Nemurenai aru is an example of a Chinese-ish Japanese fobism particular (as far as I can tell) to characters that frequent a certain storyscape in Japan, namely, anime and manga. Nemurenai means “can’t sleep” and the fobified element is the unnecessary “aru” tacked on at the end, a kind of misused copula (like desu in normal Japanese, dearu in written Japanese <– also a viable culprit for the fobism, ye 也 in classical Chinese, all of which most often get approximated as the verb to be in English).
In my relatively limited years spent engaging this 2D world, I have noticed that it comes up mostly in comic/gag series, such as the case of Kagura in Gintama (from which this tab title is directly lifted) and China in Axis Powers: Hetalia, but I’ve heard it also goes back to older series. In these cases, the peculiar sentence ending functions as a part of character design that vaguely marks Chineseness (Kagura is coded Chinese in various ways, and metonymically referred to as China by Okita, but is not actually from a place in the series referred to as or resembling China). Although friends who have resided in Tokyo all admit to understanding this as part of a stereotypical “Chinese” accent in popular representation, no one apparently has ever met or heard of a native Chinese speaker speaking Japanese with this sentence ending.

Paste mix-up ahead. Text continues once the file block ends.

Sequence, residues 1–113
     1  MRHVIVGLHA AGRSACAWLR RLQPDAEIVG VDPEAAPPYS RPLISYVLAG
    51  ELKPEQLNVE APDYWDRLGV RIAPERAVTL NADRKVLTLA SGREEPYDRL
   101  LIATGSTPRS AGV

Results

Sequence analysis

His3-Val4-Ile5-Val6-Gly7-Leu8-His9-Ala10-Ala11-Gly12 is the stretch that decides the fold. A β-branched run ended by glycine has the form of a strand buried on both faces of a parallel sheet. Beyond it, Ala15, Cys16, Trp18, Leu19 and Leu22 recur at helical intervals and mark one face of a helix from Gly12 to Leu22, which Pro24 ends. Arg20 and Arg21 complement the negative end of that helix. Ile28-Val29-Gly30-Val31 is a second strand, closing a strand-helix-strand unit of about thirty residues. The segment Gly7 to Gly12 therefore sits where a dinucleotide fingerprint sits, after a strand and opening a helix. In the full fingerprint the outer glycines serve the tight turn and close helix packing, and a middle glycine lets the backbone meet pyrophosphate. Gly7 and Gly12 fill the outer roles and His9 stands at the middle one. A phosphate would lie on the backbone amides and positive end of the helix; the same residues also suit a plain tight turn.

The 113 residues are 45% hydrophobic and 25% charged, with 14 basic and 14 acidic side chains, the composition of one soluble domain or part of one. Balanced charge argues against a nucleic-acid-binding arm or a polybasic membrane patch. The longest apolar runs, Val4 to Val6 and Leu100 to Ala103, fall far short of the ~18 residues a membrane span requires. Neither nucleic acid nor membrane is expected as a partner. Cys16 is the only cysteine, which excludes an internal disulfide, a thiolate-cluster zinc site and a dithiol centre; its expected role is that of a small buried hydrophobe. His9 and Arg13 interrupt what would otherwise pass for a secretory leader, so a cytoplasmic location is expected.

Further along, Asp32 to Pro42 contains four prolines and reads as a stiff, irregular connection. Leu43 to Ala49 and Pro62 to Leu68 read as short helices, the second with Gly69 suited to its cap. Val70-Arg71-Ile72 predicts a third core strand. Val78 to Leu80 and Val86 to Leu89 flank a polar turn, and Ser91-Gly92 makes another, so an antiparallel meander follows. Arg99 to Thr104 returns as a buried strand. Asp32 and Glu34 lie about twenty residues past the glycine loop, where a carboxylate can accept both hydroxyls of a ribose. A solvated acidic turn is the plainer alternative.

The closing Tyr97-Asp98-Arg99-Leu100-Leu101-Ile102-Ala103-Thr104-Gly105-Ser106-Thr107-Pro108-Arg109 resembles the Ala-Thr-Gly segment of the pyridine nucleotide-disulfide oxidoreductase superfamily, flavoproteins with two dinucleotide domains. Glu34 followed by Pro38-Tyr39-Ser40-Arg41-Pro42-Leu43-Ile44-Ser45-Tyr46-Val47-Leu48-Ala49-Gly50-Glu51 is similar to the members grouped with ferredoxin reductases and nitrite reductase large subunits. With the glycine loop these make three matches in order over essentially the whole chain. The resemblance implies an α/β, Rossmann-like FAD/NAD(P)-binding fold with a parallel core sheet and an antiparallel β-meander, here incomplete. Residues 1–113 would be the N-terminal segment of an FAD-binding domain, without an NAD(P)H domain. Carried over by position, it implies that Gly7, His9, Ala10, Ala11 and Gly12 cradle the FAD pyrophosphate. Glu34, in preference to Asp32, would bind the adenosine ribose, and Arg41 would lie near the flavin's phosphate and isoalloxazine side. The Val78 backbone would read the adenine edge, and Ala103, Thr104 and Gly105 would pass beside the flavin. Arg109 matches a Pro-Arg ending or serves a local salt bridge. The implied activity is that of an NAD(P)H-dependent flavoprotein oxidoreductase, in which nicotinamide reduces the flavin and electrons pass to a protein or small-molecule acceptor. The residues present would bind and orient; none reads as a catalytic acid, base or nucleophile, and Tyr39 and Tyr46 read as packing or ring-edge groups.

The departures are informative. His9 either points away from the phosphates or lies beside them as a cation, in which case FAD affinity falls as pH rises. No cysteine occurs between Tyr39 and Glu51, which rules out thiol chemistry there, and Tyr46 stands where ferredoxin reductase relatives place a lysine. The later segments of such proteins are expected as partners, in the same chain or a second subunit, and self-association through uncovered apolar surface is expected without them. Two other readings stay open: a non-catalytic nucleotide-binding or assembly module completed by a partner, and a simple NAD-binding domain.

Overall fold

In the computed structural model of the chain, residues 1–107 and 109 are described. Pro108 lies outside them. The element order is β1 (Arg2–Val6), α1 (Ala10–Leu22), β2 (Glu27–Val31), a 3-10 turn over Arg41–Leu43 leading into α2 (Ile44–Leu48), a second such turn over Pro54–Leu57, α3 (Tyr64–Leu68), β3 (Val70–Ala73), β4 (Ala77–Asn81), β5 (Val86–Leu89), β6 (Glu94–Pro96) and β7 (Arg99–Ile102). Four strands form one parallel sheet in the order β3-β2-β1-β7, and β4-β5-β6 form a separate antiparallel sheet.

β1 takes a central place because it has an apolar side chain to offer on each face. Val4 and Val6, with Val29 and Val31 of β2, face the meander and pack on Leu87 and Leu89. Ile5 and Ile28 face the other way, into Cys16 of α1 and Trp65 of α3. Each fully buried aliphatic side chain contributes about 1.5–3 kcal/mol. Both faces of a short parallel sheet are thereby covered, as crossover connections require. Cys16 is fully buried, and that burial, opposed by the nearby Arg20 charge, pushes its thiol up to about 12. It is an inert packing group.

Messing with sentence endings or designating speech patterns is a pretty crucial way of building character in anime/manga, but it tends to get out of hand in crack series like Gintama and Hetalia, where basically anything goes. Mayo (short for mayonnaise) becomes a sentence ending when one Hijikata from Gintama poses as Prince Mayo from the planet of mayonnaise to get out of a bad romance (episode 114). A more common example might be nyan (meow), which is often used by cat-like characters: characters sporting cat ears (nekomimi) and/or tail or characters otherwise trying to invoke the particular moe induced by this type of cosplay (see Kikumaru from Prince of Tennis).
Parody speech: “Today, Mimi-chan (<–referring to self by pet name in 3rd person) went to the convenience store-nyan! We (<– I and my third person self) were looking forward to the new limited edition Pocky, but they were sold out…Mimi-chan is super disappointed-nyan!”
Ok, so we get that this is about character design and excess.
What is the exact effect of “aru, aru”? Well, I’m no expert on this and if anyone out there has more examples of characters who speak like this or theories about how this all got started, please share!!! BUT, if I were to venture a reading based on my gut feeling, I would say that, like a copula, it can make whatever is being said sound like the speaker is stating something in a very definitive, well, yes, overstated, way. I’ve read Gintama fic where writers will add a “yup” or “for sure” or some sort of short affirmative expression at the end of the sentences in her spoken lines. I think it captures the feeling of “aru” quite well-aru.